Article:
Hospice RN Jobs in MD
Hospice is a place where patients can go to live out their final days in peace and comfort. It provides care for the terminally ill, who might otherwise require aggressive treatment that would only prolong life but not make them happy or comfortable during this time period leading up until death arrives on-site as well-armed with knowledge from experts about how best to provide relief through pain management techniques such has hydromorphone® therapy (a form of medication used typically by people living with cancer).
Simply put, hospice is focused on providing compassionate care to manage pain and provide relief in the final days of the individual and loved ones. This is a profession that requires emotional resilience and the realization that death is a part of life. The purpose is to provide comfort rather than cure.
According to the National Hospice and Palliative Care Organization (NHPCO), 1.55 million people on Medicare received hospice benefits in 2018. Their average hospice stay was 89.6 days. According to the CDC, there are more than 4,000 hospice facilities in the country.
There are approximately 1.5 million registered nurses working in hospices, and of that 37% stay in a hospice for only one or two years, over 20% stay for less than a year. The staffing problems in the hospice industry are similar to those in other medical sectors. Demand for hospice workers, CNAs, nurses, and other allied healthcare workers is growing with no sign of slowing down as the baby boom generation ages.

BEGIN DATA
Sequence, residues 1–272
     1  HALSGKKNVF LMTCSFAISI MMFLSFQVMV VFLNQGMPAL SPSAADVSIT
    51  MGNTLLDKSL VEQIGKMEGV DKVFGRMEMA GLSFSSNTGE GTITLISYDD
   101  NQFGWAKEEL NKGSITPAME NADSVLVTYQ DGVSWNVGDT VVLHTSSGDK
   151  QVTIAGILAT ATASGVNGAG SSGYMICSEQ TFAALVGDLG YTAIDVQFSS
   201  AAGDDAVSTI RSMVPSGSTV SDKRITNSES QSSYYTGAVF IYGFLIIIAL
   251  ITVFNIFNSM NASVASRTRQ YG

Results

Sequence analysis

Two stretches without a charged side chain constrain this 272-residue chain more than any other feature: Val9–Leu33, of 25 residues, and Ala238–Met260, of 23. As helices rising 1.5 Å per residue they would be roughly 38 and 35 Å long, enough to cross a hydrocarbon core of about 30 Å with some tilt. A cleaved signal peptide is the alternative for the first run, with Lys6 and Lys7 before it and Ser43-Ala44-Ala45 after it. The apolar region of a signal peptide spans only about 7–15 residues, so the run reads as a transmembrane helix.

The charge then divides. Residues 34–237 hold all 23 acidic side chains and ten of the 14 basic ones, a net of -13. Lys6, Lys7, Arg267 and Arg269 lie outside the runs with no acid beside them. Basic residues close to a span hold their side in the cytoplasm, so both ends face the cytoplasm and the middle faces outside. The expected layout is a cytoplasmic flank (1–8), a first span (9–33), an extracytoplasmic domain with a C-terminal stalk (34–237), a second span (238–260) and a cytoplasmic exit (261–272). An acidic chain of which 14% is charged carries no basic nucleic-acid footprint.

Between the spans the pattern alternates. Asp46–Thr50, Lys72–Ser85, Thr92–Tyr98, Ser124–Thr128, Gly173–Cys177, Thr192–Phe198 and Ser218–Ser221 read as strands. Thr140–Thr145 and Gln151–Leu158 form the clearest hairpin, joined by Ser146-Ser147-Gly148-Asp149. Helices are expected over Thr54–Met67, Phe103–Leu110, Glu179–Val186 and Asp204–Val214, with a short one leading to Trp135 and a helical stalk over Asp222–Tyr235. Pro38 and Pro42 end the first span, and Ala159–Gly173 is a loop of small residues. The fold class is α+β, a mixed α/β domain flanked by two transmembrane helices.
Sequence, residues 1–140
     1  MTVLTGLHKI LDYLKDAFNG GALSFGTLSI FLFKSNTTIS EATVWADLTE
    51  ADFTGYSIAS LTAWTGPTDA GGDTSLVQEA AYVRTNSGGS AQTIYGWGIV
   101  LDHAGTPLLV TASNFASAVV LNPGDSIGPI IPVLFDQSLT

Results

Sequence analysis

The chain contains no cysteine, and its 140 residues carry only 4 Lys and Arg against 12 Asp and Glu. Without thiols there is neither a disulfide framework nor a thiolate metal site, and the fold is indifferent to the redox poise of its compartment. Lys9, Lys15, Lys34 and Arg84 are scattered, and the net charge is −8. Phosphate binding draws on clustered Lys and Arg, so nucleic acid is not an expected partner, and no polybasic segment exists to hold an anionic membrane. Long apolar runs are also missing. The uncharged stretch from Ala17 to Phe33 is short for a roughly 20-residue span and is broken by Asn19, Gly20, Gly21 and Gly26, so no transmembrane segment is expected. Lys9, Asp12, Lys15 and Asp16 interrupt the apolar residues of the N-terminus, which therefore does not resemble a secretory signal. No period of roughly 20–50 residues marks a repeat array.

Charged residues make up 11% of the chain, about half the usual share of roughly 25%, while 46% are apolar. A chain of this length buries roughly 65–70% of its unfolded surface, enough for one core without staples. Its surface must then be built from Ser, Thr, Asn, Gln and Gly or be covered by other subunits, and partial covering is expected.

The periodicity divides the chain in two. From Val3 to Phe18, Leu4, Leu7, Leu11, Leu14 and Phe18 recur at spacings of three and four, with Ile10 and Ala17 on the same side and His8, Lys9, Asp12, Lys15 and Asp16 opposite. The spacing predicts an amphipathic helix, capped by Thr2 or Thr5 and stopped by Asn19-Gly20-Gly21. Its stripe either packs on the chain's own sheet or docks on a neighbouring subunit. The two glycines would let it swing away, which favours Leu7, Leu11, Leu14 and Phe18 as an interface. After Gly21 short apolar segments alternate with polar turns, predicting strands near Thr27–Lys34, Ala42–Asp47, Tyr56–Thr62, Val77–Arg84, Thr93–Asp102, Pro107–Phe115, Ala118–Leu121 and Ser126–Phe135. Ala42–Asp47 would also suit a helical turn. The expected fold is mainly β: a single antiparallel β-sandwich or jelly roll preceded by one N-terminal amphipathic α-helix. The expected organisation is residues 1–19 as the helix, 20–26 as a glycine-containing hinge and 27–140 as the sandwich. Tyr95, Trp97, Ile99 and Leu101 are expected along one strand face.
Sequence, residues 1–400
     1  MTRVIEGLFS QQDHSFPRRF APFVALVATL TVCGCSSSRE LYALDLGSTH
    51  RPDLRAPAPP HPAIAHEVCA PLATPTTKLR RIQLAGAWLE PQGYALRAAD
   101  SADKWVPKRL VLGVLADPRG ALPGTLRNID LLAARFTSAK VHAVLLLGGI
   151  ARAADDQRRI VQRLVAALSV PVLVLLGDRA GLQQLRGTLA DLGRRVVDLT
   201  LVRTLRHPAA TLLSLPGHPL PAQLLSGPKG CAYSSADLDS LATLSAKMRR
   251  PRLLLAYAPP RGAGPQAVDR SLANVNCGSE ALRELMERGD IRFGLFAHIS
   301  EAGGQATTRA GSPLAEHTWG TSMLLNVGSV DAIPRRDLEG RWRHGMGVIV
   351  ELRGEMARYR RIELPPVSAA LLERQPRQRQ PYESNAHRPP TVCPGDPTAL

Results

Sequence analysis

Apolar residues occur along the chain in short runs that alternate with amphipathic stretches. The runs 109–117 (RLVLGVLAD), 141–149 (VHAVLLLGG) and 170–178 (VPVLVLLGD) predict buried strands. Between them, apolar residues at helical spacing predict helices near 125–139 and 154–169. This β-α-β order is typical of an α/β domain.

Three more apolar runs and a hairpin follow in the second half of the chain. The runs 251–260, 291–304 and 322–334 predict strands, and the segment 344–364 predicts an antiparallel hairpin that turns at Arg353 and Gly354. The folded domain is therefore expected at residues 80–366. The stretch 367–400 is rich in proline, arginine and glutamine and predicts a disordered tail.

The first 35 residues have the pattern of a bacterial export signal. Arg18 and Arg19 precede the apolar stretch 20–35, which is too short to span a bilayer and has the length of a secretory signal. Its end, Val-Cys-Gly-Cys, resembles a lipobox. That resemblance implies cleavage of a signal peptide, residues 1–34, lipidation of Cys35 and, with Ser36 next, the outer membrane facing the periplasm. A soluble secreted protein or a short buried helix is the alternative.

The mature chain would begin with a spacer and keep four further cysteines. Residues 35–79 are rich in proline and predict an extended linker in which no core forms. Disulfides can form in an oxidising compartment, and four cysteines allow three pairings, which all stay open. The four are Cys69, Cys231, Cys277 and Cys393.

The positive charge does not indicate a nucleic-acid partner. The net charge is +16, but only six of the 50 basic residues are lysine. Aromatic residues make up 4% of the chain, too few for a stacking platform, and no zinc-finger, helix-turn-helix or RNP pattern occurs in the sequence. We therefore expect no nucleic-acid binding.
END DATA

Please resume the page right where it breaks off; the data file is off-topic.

To work as a nurse in hospice, it’s vital to have empathy for your patients who face the limits of their independence, or in the case of hospice, patients who are literally preparing to die. Patience with family members who grieve their loved ones' diagnoses and struggle to make or prepare for end-of-life decisions is also a vital skill.
If you're already part of the Nursa™ community, you've probably noticed that a large number of our PRN shifts offer long-term care placements. If you have compassion and patience in addition to your clinical skills and think hospice and palliative care might be your calling, Nursa™ can help! RNs and CNAs can obtain specific certifications for hospice and palliative care through the Hospice and Palliative Care Certification Center (HPCC).
Browse hundreds of PRN jobs at properties near you. Even better, working a PRN shift in a hospice or palliative care facility will allow you to decide if the work environment is right for you before investing money and energy.
The term "hospice nurse" is a broad term that is used to describe the various healthcare professionals who care for patients at the end of their lives. The term is commonly used to refer to CHPN, certified hospice and palliative nurses, or CHPLN, certified hospice, and palliative licensed nurses. Both of these specialist nurses are responsible for caring for the terminally ill as they near the end of their lives.